What is Stalking?
Stalking is defined as a repetitive pattern of unwanted, harassing or threatening behavior that is committed by one person against another. Acts that could be considered stalking include: being physically followed, repeated watching, harassment via telephone, receiving unwanted gifts, and other similar forms of intrusive behavior. The person doing the harassing is usually referred to as a stalker.
Definitions of stalking found in state anti-stalking statutes typically define stalking as “the willful, malicious, and repeated following and harassing of another person that threatens his or her safety”. Victims live in constant fear that they are being watch and that they may be harmed at any time by a stalker.
Cyberstalking is the use of information and communications technology, particularly the Internet, by an individual or group of individuals, to harass another individual, group of individuals, or organization. Stalkers love the internet because they can harass others and still remain anonymous.
Cyberstalking behavior includes false accusations, monitoring, the transmission of threats, identity theft, damage to data or equipment, the solicitation of minors for sexual purposes, and gathering information for harassment purposes. The harassment must be such that a reasonable person, in possession of the same information, would regard it as sufficient to cause another reasonable person distress.
Research shows that men are typically the ones who engage in this behavior and it is typically committed between people who know each other. Only one in four cases of stalking are committed by a stranger. In fact, most stalking cases involve a former intimate partner.
List of Steps to Take if you Have a Stalker
Following is a list of steps to take if you have a stalker. Please note that this is not a foolproof plan and the steps are not sequential. These are simply practical ideas to help keep you safe.
Determine if you have a Stalker: Gather Evidence
At some point, a person’s behavior will cross the line from casual contact, to stalking behavior. There are no hard-and-fast rules to define that line, but it is generally the point at which you become uncomfortable. If you’ve reached that point, and you don’t feel comfortable with confronting the individual, it is time to start gathering evidence.
First, gather as much evidence as possible to document the behavior of the stalker who is bothering you. Examples of such evidence may include: phone records, copies of letters, copies of text messages, social media posts, pictures of injuries, pictures of the person as they are following you (if possible), statements from witnesses corroborating the behavior, etc.
Involve Others, Especially Law Enforcement
If you have a stalker, the first thing you should do is make your friends, family and coworkers aware of the situation. Talking to your friends and family is not only comforting, but is an important step in keeping yourself safe. Your friends, family and coworkers can provide critical support in regard to protection, gathering evidence and keeping an eye our for the person (or persons). If they are aware that you are in danger, they can be proactive about helping you.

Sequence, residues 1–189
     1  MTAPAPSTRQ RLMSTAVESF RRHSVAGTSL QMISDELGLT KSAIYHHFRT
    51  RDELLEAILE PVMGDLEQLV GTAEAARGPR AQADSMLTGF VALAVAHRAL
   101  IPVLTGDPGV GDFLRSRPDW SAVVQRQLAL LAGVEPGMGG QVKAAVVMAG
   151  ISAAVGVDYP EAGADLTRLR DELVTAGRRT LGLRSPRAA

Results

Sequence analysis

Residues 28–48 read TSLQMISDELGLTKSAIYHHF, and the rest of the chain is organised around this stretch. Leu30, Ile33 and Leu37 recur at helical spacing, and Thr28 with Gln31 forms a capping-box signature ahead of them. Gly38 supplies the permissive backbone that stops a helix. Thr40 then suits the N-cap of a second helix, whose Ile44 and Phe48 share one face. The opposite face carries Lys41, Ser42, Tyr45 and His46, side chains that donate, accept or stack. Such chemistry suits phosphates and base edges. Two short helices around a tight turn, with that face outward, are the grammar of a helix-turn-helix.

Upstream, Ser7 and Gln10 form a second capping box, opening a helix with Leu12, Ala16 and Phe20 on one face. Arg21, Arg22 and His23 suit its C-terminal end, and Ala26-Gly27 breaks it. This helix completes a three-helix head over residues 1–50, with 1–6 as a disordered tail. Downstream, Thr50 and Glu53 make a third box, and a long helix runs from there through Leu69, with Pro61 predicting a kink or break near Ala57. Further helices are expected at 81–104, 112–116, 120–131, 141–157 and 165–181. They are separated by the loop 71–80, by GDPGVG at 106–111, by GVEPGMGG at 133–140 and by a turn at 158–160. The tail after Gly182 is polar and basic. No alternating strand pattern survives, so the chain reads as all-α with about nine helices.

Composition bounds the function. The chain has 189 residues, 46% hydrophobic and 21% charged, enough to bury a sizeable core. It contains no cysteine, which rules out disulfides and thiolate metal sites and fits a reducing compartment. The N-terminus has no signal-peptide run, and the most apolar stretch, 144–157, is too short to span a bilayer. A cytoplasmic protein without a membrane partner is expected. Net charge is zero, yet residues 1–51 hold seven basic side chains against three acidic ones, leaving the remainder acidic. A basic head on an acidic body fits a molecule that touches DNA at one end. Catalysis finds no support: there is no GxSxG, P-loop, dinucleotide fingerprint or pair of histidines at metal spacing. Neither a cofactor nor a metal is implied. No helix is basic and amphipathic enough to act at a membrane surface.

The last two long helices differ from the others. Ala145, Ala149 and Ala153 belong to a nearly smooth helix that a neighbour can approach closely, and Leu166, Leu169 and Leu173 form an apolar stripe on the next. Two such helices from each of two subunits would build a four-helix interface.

Once everyone is aware, work together to develop a plan for staying safe. Add everyone’s emergency contact information to your phone and stay in touch often. Share your schedule with everyone and provide updates on your location and activities frequently. Identify a safe place to go in case of emergency. Establish “code words” that signify when you are safe and when you are in danger.
Once you’ve establish your immediate support group, contact local law enforcement and ask to file a report. Be prepared to share the evidence you’ve gathered. The more evidence you are able to provide, the more help you are likely to get from law enforcement. Police officers can’t take any action if someone “give you the creeps” or if you simply don’t like the way someone looks at you. Keep copies of everything in case you want to take legal action at a later date.
Consider Getting Legal Help
After you take the important general steps above, and report the matter to the police, you may want to think about taking legal action. First, you should familiarize yourself with the anti-stalking statutes in your state. This will give you and understanding of your rights and the actions you can take to protect yourself. Next, consider contacting an attorney to discuss obtaining a restraining order against the individual. Meet with the attorney and share all of the information you’ve gathered, including a copy of the police report, if you can get one. Some police departments won’t share a copy of a police report until the case is closed.
Get a Restraining Order
A Restraining order is a form of legal injunction that is commonly used in stalking cases. The rules associated with a restraining order will vary from state to state. Please check your state statutes to learn the rules in your state, or contact an attorney. With a restraining order, a court may order a person to: